When planning how to draw a well-balanced group image, you should show the various characters in an effective manner, and emphasise their characteristics and dynamic nature. The figures in the foreground will clearly have more prominence, but they can't all be in the foreground. I've found that a useful way to show them is to use a view that's slightly from above, which especially suits a portrait-format image.
One technique to lift the characters from the background and give them a degree of dimensionality is to introduce architectural or natural elements. Note that these elements need to be in keeping with the scene's setting. In my illustration I add a staircase and put in semi-natural objects (some standing stones in the background). I also add tufts of grass and worn rock, before creating a very rough and ready sketch of the characters. I keep my elements on different layers, which enables me to make corrections to the image towards the end of my painting process.
Usually, I'll want to emphasise the importance of the main character and so I would normally place them in the centre of the composition where the viewer's eye will look first. However, in this case I'm keen to create greater dynamism and so I leave that area free. I want the viewer's eye to move from top to bottom, taking in all my characters as they do so.
01. Plot using a grid
I start the design phase of the image by drawing medians and diagonals, locating the centre of the image. In this case I create a grid, dividing the width and height in three, but other artists might use the Golden Spiral or different kinds of grids – each solution is valid! I sketch the characters in a rough way, so I have an idea of the pose and perspective.
02. Insert some character
Active characters help to ensure the scene has dynamism. The sorceress casts a spell, the raven-woman spreads her wings, the deer-man charges with a spear. Next, I focus on the anatomy, which is essential to ensure credibility and gives a naturalness to the characters' gestures. Only at the end do I add details such as hair, clothing, weapons and armour.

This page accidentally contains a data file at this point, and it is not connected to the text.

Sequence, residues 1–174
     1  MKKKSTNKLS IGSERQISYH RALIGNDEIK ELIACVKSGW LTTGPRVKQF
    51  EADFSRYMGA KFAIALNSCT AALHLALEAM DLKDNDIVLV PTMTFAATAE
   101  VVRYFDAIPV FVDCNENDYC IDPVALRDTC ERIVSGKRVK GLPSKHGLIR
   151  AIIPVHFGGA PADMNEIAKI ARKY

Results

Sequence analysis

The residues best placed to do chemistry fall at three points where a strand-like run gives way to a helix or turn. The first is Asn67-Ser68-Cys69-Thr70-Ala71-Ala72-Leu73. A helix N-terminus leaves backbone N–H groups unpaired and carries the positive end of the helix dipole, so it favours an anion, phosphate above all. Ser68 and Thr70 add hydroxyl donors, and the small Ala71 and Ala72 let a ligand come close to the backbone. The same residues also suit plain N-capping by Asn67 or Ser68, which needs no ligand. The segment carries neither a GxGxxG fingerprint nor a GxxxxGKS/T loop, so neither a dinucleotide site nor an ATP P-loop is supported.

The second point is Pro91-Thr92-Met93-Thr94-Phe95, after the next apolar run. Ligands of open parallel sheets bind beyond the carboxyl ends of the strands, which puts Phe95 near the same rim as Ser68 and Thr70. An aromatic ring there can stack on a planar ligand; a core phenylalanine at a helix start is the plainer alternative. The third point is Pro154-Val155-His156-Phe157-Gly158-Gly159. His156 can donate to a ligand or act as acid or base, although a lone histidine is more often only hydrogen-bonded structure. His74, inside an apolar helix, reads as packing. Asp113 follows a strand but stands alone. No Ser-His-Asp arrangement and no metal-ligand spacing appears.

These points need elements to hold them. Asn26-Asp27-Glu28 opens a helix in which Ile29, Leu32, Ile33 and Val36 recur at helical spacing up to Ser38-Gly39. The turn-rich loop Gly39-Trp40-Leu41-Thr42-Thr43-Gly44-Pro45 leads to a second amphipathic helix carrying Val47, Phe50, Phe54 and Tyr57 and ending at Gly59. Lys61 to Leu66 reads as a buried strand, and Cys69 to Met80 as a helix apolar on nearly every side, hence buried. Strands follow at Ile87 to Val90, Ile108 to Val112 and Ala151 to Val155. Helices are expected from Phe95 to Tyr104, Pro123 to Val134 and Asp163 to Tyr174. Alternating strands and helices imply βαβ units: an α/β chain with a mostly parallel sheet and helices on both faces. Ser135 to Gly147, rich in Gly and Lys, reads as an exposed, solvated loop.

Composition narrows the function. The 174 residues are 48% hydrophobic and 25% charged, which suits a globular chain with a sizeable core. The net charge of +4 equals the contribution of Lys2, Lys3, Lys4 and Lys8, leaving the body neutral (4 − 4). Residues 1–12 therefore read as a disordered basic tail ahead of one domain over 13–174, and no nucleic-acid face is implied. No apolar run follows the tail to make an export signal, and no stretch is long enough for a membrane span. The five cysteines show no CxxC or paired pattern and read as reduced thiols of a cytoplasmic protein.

03. Back it up
At this point in the creative process I introduce colours. I usually start by painting the background, so I choose the type of lighting and where to place the light sources. In this case, the environment is characterised by a leaden sky, a prairie and some mountains, so I paint a cold, ambient light. I also use a warmer rim light, which introduces visual contrast
04. Add final details
Ambient light doesn't cast sharp shadows, but gives a more defined look so I can show off the characters and their details. I pick desaturated colours to maintain the dark look of the sky, except for the magical light of the spear and the spell of the sorceress. I ensure that my characters are affected by aerial perspective, so I desaturate colours where necessary.
Artist's secret: Layers and layers group
I work on different layers for each character, so I can move them if the image doesn't seem balanced. If I feel that I'm about to be overwhelmed by the number of layers, I create layer group and organise them accordingly.
Words: Sara Forlenza (opens in new tab)
Sara Forlenza creates art for book covers, cards and RPGs. After many years with traditional techniques, she was introduced to digital art. It was love at first sight.
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